tag:blogger.com,1999:blog-16551285.post3407276198773540205..comments2019-08-13T09:48:43.695-04:00Comments on Advanced Fantasy Baseball: DRAFT INFLATIONUnknownnoreply@blogger.comBlogger10125tag:blogger.com,1999:blog-16551285.post-12695901271866711152015-08-08T11:34:40.217-04:002015-08-08T11:34:40.217-04:00Just spotted this, I'm not as active as I used...Just spotted this, I'm not as active as I used to be. Looks ok to me, you have nearly 800 of surplus value in your league's keepers. Your keepers are nearly half price! That extra cash has to go somewhere. Jon Williamshttps://www.blogger.com/profile/09950246479397747057noreply@blogger.comtag:blogger.com,1999:blog-16551285.post-22142496069466245492015-03-03T00:55:11.782-05:002015-03-03T00:55:11.782-05:00I know this is an old article but I found this whe...I know this is an old article but I found this when I was google searching for Keeper Inflation.<br /><br />I am trying to calculate keeper inflation for my 12 team keeper league. Each team gets $260 for the auction and we are able to keep up to 9 MLB Players. We are starting our fourth season for this league this year. I have been using this article from Fangraphâ€™s to help guide me on how to do it. <br />http://www.fangraphs.com/fantasy/how-to-account-for-keeper-inflation-in-your-auction-draft/<br /><br />These are the calculations I have done.<br />9 Keepers per team able to be kept 9*12 108<br />Total Players actually kept 97<br />Total Cost for Players that have been kept 1072<br />Total Market Value for Players kept 1827<br />Total League Budget 12*260 3120<br />Remaining League Budget 3120-1072 2048<br />Remaining Value Available 3120-1827 1293<br />Remaining Budget 2048/ Remaining Value 1293 1.58391338<br /><br />So it looks like I have a keeper league inflation of 58%. Did I do these calculations correctly?Anonymousnoreply@blogger.comtag:blogger.com,1999:blog-16551285.post-72559951824542440202012-03-30T11:56:15.109-04:002012-03-30T11:56:15.109-04:00Yes, I think you are missing something there. You...Yes, I think you are missing something there. Your league must have 12 teams, since there are $3120 in salary dollars to spend. You said the total projected value of all keepers in the league is $1245, and that the total salary dedicated to those players is $1090. To calculate your league's inflation rate, you first subtract the projected value of the keepers from the total value of the player pool. ($3120 - $1245 = $1875) Then you take the actual cost of the players kept ($1090) and subtract this amount from the total league salary. ($3120 - $1090 = $2030). This means your league auction will have $2030 auction dollars chasing $1875 worth of players. This difference is what creates inflation, driving prices upward. To figure the inflation factor in your league, you just divide the auction salary dollars by the auction player value dollars ($2030 divided by $1875) and you get 1.08. This means your league inflation rate is a very mild eight percent (8%). If your calculations have told you that the non-inflated value of Pujols is $44, then his inflated value would be $47.52. You can round up or down, unless your league uses increments less than a dollar.<br /><br />A couple of things...in order for your inflation calculation to be accurate, you must start with accurate values for the players being kept. This, of course, is somewhat subjective, but make sure they are values you are comfortable with. The other thing is that if you have 12 owners with $3120 to spend on player salaries, then the value of the player pool must be $3120. If you use 23 players per team (276 total) then the value of those 276 players must equal $3120. If you have anything higher or lower, your calculations will be off.<br /><br />In summary, I'm not quite sure where your calculation took a wrong turn, but what you should be doing is first finding the value of the players in the auction, by subtracting from $3120 the value of keepers. Then you find the amount of salary which will be available in the auction by subtracting from $3120 the cost of the keepers. (The second number will always be larger than the first, unless your league has keepers worth less than their salaries.) Divide the second number by the first, and you have league inflation. It will always result as a figure over 1. Take the first two numbers to the right of the decimal and that's your inflation rate expressed as a percentage. <br /><br />I hope this helps. If not, let me know and we'll look at it again.<br /><br />Good luck in your auction.Scootronhttps://www.blogger.com/profile/16859285958613375829noreply@blogger.comtag:blogger.com,1999:blog-16551285.post-14958086343862526982012-03-27T15:27:26.425-04:002012-03-27T15:27:26.425-04:00ok, so i ran the numbers of my league with your ca...ok, so i ran the numbers of my league with your calculations. we have 1090 worth of keeper salaries, and the "actual" draft value of those players is 1245. so that would give me a number of 155.5. the total league dollars is 3120, and subtracting the keepers from that give me 2030. dividing 2030 by 155.5 give me 15.0547. which makes pujols ($44.4) in my league worth $579.6. am i missing something?Anonymousnoreply@blogger.comtag:blogger.com,1999:blog-16551285.post-36783698472073147302012-03-22T14:41:14.972-04:002012-03-22T14:41:14.972-04:00Shouldnt it be based on the value of unkept player...Shouldnt it be based on the value of unkept players as opposed to the value of kept players? So instead of $2,060 it should be the value of remaining players (based on roster spots that need to be filled.Dukehttps://www.blogger.com/profile/16672464937593164279noreply@blogger.comtag:blogger.com,1999:blog-16551285.post-60941163120510697412011-03-31T10:58:31.275-04:002011-03-31T10:58:31.275-04:00I wanted also to speak to the issue you mentioned ...I wanted also to speak to the issue you mentioned about a tool to measure individual counting stats like steals, home runs, etc. I'm not an economist or a mathematician, but I tried for 15 years to develop such a tool or formula. Every time I thought I had it made, it would fall apart in an actual auction context. <br /><br />I know there have been some brilliant fantasy baseball writers who have addressed that subject, but to be honest the math was over my head.Scootronhttps://www.blogger.com/profile/16859285958613375829noreply@blogger.comtag:blogger.com,1999:blog-16551285.post-54899463706080951492011-03-31T10:45:52.217-04:002011-03-31T10:45:52.217-04:00This comment has been removed by the author.Scootronhttps://www.blogger.com/profile/16859285958613375829noreply@blogger.comtag:blogger.com,1999:blog-16551285.post-65109516974250193832011-03-31T10:42:41.425-04:002011-03-31T10:42:41.425-04:00(Part Two)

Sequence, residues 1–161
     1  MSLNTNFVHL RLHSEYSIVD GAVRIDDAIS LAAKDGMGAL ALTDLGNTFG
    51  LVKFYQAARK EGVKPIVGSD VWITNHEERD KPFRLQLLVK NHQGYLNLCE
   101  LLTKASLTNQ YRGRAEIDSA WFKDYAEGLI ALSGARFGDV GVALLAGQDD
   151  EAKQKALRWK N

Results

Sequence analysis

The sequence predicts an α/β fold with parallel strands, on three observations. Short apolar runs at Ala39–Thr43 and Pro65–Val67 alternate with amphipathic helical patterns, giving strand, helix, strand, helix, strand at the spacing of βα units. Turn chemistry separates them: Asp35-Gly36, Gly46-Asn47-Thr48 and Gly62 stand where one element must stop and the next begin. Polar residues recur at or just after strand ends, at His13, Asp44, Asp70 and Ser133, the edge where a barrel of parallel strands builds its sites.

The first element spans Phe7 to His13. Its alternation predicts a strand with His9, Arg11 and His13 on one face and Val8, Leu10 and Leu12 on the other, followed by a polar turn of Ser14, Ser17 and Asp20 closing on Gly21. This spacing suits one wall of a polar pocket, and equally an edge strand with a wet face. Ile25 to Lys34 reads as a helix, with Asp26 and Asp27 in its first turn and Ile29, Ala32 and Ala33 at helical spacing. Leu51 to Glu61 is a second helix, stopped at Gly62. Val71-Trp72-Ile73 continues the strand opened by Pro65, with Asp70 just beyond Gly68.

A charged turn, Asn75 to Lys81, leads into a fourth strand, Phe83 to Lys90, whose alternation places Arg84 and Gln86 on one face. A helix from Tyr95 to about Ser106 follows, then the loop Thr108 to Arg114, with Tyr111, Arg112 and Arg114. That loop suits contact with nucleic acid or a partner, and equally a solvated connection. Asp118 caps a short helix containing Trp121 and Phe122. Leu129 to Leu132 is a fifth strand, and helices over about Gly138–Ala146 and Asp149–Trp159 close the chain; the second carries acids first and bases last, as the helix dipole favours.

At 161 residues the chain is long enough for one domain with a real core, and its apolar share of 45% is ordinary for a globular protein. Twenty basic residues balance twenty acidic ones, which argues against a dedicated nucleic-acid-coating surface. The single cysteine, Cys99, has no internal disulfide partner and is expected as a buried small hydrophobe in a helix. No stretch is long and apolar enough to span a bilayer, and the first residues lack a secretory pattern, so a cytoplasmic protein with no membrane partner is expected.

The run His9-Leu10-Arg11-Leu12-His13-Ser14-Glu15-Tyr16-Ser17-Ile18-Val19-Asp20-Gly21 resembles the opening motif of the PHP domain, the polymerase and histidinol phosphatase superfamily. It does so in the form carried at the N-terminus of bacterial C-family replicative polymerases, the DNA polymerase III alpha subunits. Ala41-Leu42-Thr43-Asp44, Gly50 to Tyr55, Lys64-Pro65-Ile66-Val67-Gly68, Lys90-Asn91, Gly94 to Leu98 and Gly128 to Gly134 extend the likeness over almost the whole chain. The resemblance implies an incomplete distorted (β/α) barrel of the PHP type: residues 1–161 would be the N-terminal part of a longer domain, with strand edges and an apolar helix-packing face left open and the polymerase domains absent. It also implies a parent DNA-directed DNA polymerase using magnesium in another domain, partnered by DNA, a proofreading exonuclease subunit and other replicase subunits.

Now, a different twist...we can all co...(Part Two)<br /><br />Now, a different twist...we can all come up with a set of circumstances that might lead owners to pay over inflated value for a certain player or players. Part of that relates to the fact that all player values are subjective and conditional. By that I mean that player values are merely projections and very imperfect projections. But, more importantly, the actual value of a player can't be determined until the year is over. Even then, the concept of value only has meaning in the context of your particular league. Let's say you traded for Soria in your league at the All-Star break, and the four points in saves he gave you allowed you to win the league. Let's say that I also traded Soria in my league, but the saves he gave me didn't allow me to catch the owner ahead of me, so I stayed where I was in the standings and didn't win. Does that mean Soria was more valuable in your league than mine? Yes, in the sense that his performance put you over the top. No in the sense that his on-the-field performance was what it was, regardless of the impact it had on the millions of leagues in the country.<br /><br />In that sense, you might decide that Ellsbury is worth more than Miggy because of what you think he can do for your team, and he might provide that value for your team. But I know that there is no way to calculate or prognosticate the impact each and every player could have on league standings based upon freeze lists. We do know, however, that the inflation created by keepers worth more than their salary can be calculated, and that if you don't recognize it you can wind up getting steamrolled in your auction.<br /><br />You have raised a very interesting point, and I'd like to continue the dialogue, or have anyone else join in. <br /><br />Maybe part of the problem is in the name. Maybe we should call it "Keeper Inflation" to indicate that we are talking solely about the increase in auction prices due to cheap keepers. Then, if there are other types of inflation which we can objectively identify and project, then we can figure out how to deal with those other forms of inflation.<br /><br />Thanks for your comment. It made my day, and gave me a lot to think about. I hope my response has fairly addressed your question, but please let me know if there are other issues you would like to discuss. I like having this blog as something that sparks conversation and intellectual investigation, rather than us just writing articles about what we think. I'm going into my 26th year of fantasy baseball auctions, and I learn something every single year.Scootronhttps://www.blogger.com/profile/16859285958613375829noreply@blogger.comtag:blogger.com,1999:blog-16551285.post-21315052320132611022011-03-31T10:41:24.597-04:002011-03-31T10:41:24.597-04:00This is a very interesting question, and one I hav...This is a very interesting question, and one I have struggled with quite a bit. As you suggest, my position may seem counter-intuitive, so let's explore the issue. I may have to break this response into two parts to make it fit the character limit.<br /><br />There are a limited number of steals. But that number is the same, regardless of whether they are frozen steals or steals available in the auction. Let's put it in the context of closers, which is easier for me to wrap my head around.<br /><br />Say, for example, that in your league Soria is worth $20 before any calculation of inflation. Let's say that inflation calculates at 10% Say further that every single closer in the league is frozen except for Soria. Five of the twelve owners have no closer. Does that make Soria worth more? No. His projected statistics have not changed. Now, a couple of things could happen. Those five owners without closers could all decide to pursue him at virtually any cost. The bidding could go to $60 for Soria. Does that mean Soria is worth $60? It does in the sense that market value is in many ways determinative of value. But is that increase due to "inflation" as the term is used, or is it due to supply and demand parameters created by owner actions and/or tendencies? What if four of the five closer-less owners decided to punt saves and Soria went for $1? Does that mean his production is worth less? You could argue that it is, but that wouldn't constitute deflation.<br /><br />In the ebb and flow of an auction, there will always be times where there are inefficiencies in the process. The last decent shortstop might go for three times his projected value. Does that mean that the price of shortstops has become inflated. Well, yes, in the very limited sense of that player's price being pushed way beyond his value.<br /><br />I think the crucial distinction is between an isolated increase in the price of one player or one type of player due to particular circumstances of the auction or due to owner tendencies/preferences, and an overall increase in player prices which is driven solely by impact of keepers. The former is, in mind, not considered inflation. And, of course, there is no way to calculate it in advance. The latter is what I consider to be inflation. It affects the league as a whole.<br /><br />So, addressing your example directly, yes there is a good chance that Ellsbury's price will be higher than Miggy's price. But it shouldn't be. Whoever pays over the inflated value for Ellsbury will have hurt the overall value of their team.Scootronhttps://www.blogger.com/profile/16859285958613375829noreply@blogger.comtag:blogger.com,1999:blog-16551285.post-27968608593436491492011-03-31T09:48:25.703-04:002011-03-31T09:48:25.703-04:00You say that a single category cannot be inflated....You say that a single category cannot be inflated. Why not? Steals have value. There are a limited (projected) number of them. If Bourn, Pierre, and Crawford are all kept for cheap, intuitively, isn't that going to raise the price on Ellsbury more than Miguel Cabrera?<br /><br />Of course, you'd have to calculate a value for stolen bases versus a value for HRs. I've been trying to find a tool to do this for a while now, unsuccessfully. Is there something off in my logic? I can't figure out why this isn't done.--rhttps://www.blogger.com/profile/11027955377150671938noreply@blogger.com